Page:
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# Re: [Phys-L] sound

Excellent question.

Yes, just as you suspect, there are multiple resonances in the bugle. The resonance which sounds is a function of the driving frequency. This means that such an instrument can only play certain notes of the scale. There may be a small range around those pitches which will sound. But, principally you are limited to those notes because of the fixed length of the instrument. On a valved brass instrument like a trumpet the valves cut off or add lengths of pipe. Each valve position allows a different harmonic series to sound.

See:
Bugle - Wikipedia, the free encyclopedia

And compare those notes which the bugle can play to the melody for Reveille or Taps. These songs are played on just these notes because each is written for the bugle.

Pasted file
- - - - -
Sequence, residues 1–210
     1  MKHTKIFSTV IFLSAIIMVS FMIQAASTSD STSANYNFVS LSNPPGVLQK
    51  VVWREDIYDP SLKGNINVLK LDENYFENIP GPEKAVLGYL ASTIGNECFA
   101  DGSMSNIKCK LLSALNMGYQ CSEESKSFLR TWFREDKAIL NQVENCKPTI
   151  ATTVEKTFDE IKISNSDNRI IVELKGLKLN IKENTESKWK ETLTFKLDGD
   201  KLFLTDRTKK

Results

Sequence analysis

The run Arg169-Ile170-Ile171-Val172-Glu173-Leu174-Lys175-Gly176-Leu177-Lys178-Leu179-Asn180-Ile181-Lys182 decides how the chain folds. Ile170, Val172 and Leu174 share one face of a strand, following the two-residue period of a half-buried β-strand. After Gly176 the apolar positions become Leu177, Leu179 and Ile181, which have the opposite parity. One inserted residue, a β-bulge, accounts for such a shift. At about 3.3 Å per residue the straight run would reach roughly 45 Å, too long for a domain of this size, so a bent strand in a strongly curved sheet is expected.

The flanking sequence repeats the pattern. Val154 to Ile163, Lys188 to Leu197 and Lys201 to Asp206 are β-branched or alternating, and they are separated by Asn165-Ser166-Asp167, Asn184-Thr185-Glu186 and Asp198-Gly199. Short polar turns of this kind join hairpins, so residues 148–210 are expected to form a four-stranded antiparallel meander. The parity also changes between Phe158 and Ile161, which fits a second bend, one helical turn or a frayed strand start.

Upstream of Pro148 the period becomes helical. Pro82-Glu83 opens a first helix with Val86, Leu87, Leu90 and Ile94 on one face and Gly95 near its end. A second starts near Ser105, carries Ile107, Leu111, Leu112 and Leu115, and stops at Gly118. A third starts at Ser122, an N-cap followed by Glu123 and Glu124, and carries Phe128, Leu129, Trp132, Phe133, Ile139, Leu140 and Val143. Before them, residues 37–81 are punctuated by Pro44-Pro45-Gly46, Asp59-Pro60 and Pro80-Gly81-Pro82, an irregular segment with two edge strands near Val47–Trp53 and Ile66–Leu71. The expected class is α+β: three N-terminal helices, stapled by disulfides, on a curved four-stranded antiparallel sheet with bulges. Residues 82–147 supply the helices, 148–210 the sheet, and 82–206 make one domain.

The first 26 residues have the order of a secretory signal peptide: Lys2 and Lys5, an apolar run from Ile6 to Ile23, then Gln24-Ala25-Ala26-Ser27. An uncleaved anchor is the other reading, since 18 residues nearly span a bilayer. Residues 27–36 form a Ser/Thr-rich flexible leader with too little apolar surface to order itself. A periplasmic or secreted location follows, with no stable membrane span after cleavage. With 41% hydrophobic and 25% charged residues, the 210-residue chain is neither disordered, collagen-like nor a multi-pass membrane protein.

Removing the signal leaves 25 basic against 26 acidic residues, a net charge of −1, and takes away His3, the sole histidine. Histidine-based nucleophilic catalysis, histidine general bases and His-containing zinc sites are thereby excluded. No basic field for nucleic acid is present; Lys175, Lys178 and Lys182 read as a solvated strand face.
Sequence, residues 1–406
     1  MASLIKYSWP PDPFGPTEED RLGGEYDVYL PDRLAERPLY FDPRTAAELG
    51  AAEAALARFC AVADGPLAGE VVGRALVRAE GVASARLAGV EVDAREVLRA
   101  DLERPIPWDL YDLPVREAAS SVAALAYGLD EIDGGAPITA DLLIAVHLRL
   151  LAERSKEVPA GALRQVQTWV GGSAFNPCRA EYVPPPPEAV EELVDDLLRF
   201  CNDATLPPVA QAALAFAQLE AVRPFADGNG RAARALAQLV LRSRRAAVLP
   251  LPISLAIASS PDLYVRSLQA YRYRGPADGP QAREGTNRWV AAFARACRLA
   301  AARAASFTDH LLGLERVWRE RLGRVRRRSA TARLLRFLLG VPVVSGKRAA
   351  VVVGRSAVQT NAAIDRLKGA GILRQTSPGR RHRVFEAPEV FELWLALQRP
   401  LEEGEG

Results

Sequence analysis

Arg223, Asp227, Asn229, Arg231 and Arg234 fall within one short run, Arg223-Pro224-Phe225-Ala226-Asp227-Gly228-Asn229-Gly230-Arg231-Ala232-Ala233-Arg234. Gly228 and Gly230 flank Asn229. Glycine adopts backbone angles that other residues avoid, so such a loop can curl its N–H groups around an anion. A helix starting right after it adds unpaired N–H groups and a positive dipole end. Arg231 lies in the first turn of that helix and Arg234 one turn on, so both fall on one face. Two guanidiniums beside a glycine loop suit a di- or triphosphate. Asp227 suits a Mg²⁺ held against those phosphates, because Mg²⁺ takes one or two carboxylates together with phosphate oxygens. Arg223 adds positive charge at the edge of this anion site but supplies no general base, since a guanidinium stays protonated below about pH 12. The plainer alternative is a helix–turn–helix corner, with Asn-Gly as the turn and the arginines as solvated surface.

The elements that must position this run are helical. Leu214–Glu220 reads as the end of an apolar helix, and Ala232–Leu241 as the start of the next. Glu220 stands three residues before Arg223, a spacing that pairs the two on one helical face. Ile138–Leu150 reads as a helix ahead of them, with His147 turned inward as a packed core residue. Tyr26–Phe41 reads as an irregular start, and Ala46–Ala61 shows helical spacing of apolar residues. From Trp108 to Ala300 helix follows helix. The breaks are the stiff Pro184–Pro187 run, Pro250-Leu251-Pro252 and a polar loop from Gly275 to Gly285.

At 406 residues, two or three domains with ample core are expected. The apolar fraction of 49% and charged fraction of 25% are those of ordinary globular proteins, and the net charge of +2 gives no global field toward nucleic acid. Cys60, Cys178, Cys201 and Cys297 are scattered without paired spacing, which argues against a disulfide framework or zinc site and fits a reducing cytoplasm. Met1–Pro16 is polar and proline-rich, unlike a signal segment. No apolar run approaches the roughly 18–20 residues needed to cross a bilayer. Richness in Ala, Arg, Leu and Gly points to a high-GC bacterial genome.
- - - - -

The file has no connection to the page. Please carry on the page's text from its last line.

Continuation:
Reveille - Wikipedia, the free encyclopedia

Paul

On Apr 12, 2013, at 6:21 AM, "Anthony Lapinski" <Anthony_Lapinski@pds.org> wrote:

Does anyone know how a bugle produces different notes (as it has no keys,
valves, slides, etc.)? I know the instrument when played is physically
closed, but it behaves like an open pipe due to the bell's conical shape.
So the harmonic series is fn = nv/2L The length of the instrument is
constant, so does the player just blow/buzz his/her lips faster? or with a
higher frequency? That changes the harmonics/frequencies, but does that
change v in the equation? I thought v was the speed of sound in air (343
m/s) for brass instruments. I'm a bit confused with some of the finer
details of this "simple" instrument.

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